New Yahoo CEO Bartz Debuts on Conference Call
Before the official Yahoo earnings conference call began after markets closed Tuesday, an company investor relations executive went through a laundry list of risk factors facing the company, including the possibility of a takeover or partnership, shareholder litigation, macro economic forces that could lead to unforeseen negative circumstances and so many others.
To which new CEO Carol Bartz said, as she took over the conference call with analyst: "I should've understood all those risks before I took this job!"
There was laughter and she went to work. "It's been 8 days since I took this job and I'm already feeling at home," she said, saying that she's met with employees and received "hundreds of emails." She's witnessed "wonderful energy," and almost seemed surprised by it, adding that as an "outsider reading the press last year," it was easy to see that Yahoowas "distracted," and mired in difficulty. But now that she's had a chance to walk the campus and meet with workers, she has discovered instead a real focus among the rank and file and a strong product pipeline. She conceded that there are still fundamental issues that need to be addressed, not the least of which is the company's owned and operated site revenue which continues to be soft. Fees revenue also declined 12 percent and that's a disappointment too.
However, she believes there is still "an incredible opportunity that exists here at Yahoo."
"This organization is extremely complex," she continued. "I'm excited and encouraged by what I've seen so far."
Bartz asked her own questions since she has heard so many people as them as well: "Did I come to Yahoo to sell the company? The answer is no. I'm here because I see a tremendous collection of assets."
"Second, am I planning to immediately sell the Search business. I did not arrive here with preconceived notions about anything. It's very easy from the outside to have an opinion about what Yahoo should or shouldn't do," she said, adding that
"Search is a very valuable part of our business." She's made no final decisions about that aspect of the company's business, and continues her fact-finding mission. She offered no real time-frame on when she might make a decision.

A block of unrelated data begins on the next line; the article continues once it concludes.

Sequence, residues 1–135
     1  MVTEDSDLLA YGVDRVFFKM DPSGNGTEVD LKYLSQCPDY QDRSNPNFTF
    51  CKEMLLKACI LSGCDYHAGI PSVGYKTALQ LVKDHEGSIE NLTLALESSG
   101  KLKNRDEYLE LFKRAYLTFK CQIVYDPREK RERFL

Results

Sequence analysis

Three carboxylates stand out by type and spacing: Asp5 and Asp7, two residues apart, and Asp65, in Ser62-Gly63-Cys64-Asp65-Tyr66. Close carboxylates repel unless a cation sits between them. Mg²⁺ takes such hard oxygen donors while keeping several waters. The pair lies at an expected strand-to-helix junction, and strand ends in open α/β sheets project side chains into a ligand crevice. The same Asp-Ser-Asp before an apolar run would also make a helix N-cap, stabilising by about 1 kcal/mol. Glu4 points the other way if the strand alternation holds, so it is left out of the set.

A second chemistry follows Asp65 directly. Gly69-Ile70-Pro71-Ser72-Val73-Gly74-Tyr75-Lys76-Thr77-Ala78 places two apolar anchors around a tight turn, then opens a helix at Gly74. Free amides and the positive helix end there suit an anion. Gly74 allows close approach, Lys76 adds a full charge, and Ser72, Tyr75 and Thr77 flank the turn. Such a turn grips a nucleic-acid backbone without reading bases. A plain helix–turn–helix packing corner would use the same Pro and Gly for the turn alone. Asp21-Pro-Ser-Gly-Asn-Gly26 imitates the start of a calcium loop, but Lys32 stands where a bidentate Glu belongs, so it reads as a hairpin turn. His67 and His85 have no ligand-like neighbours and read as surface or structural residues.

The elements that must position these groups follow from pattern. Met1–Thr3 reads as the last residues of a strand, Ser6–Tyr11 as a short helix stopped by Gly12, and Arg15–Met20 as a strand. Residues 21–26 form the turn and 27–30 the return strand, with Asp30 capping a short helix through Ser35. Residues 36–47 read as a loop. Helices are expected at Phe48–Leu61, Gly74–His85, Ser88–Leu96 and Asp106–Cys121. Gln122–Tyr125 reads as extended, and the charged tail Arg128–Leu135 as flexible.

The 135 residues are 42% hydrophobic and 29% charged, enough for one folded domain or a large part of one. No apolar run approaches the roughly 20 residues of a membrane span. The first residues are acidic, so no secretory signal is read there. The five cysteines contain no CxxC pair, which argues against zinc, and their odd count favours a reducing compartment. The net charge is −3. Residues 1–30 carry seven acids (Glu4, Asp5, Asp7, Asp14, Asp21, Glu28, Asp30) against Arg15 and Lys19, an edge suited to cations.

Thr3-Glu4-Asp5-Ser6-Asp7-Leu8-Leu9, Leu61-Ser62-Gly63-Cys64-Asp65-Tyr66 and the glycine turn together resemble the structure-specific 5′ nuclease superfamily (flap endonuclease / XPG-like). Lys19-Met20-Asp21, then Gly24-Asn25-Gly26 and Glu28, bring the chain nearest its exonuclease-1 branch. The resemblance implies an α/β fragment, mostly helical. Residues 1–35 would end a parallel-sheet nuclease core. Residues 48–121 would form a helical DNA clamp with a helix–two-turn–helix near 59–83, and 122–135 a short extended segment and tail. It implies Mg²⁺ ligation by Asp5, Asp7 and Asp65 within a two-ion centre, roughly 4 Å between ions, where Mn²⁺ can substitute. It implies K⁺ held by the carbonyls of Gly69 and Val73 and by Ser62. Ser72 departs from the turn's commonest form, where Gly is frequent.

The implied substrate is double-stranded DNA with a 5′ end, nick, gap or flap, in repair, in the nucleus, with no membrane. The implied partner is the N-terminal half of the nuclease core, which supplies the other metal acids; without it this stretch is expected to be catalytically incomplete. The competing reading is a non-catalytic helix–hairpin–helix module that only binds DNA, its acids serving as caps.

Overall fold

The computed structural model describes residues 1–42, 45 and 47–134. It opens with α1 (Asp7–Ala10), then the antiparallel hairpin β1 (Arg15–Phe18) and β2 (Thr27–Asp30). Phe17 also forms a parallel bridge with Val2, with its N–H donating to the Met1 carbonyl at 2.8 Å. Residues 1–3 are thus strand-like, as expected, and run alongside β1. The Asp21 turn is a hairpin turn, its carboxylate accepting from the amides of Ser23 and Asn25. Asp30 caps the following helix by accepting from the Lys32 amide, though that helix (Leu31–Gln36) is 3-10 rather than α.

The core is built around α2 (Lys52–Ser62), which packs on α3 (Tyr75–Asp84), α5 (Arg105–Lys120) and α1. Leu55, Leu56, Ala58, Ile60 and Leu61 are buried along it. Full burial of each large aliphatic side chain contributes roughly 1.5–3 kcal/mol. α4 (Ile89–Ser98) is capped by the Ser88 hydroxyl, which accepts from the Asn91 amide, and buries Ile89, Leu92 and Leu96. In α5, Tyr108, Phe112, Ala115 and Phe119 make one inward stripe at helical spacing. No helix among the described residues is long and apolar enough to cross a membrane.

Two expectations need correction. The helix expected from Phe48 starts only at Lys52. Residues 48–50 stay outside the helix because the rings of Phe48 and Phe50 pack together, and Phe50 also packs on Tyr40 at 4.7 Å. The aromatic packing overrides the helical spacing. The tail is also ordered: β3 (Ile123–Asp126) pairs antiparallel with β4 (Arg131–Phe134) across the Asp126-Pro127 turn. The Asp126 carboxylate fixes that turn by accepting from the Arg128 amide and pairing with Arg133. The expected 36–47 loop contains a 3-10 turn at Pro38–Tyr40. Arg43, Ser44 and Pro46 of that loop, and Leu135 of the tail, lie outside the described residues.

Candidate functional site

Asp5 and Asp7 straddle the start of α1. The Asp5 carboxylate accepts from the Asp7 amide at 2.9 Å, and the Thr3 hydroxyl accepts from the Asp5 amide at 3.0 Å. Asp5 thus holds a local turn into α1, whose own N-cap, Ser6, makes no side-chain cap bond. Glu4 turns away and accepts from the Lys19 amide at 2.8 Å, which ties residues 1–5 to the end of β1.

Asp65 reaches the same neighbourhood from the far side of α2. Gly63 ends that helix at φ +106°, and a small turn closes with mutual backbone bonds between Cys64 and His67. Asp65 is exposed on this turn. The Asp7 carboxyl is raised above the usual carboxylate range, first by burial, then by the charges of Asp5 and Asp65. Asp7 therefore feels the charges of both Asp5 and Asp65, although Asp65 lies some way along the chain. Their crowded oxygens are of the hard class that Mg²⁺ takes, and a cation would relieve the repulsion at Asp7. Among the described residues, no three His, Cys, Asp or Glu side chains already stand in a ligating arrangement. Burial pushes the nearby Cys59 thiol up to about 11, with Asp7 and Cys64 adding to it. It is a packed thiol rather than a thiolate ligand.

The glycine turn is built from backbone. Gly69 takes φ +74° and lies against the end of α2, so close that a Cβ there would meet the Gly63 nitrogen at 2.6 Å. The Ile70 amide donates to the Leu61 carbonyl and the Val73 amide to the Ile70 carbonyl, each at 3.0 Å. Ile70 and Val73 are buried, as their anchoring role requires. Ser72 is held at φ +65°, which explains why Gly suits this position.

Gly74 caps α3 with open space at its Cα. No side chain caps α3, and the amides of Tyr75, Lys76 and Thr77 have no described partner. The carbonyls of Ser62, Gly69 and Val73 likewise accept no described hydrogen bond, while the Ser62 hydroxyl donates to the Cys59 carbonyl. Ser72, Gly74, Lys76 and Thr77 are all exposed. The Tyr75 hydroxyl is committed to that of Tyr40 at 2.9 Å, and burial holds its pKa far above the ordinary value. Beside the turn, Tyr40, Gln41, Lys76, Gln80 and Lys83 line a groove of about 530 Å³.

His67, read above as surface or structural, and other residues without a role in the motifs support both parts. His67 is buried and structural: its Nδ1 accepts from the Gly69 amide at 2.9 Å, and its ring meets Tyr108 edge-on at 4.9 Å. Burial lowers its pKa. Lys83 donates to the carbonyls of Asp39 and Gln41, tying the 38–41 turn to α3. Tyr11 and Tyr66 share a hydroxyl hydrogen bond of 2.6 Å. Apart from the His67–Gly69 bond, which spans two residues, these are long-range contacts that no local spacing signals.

Youseff Squali from Jefferies, kicked off the question and answer period, asking what the key two or three elements are that Bartz needs to figure out to determine whether the company will remain independent. Bartz said she didn't come to Yahoo to sell the company, and as far as getting more out of the wonderful assets the company already has, it's about bringing clarity to the strategy, increasing the audience and their time online, making the site as friendly and as engaging as possible. "It's too early to say more than that," she said.
Ben Schachter from UBS Securities asked about board member meetings with Microsoft and AOL: "We don't have any comments about press reports that come from nowhere, and that will be our consistent theme throughout this conversation," said Bartz. So there you go!
Another question came up about Bartz's biggest concerns to date about Yahoo. She said she's most concerned about the complexity of the organization and it's "hard for people to get speedy answers." "I'm telling you there are some really smart people here and they're really motivated to work for a top notch company." She wants to streamline the organization and she's pretty good at that kind of thing, she said. She didn't offer specifics about how she plans to do that.
- Get After-Hour Quotes for Yahoo
On the conference call, Yahoo's CFO Blake Jorgensen conceded that a lack of visibility prevents it from offering a full year of guidance. But to help analysts with their models, the company suggested that it expects fees revenue to decline by $80 million; fees revenue from VOIP and music subscription business to decline $65 million; currency exchange rates should have a negative $200 million impact on overall revenue too. Yahoo also anticipates 40-43 percent tax rate for the year. And all of that before even addressing the macro-economic climate that affects the company's revenue.
All in all, a good first effort by Bartz, even if it was short on specifics. I don't think any analyst was expecting a big-time strategic vision here, but there was likely the anticipation of something more structural than the "I'm working on it" theme. The one reaction-metric that matters: Yahoo's share price, which held its post-earnings stock pop through the course of the conference call, and even managed to accelerate slightly. If that's an indication, then Bartz and team did just fine.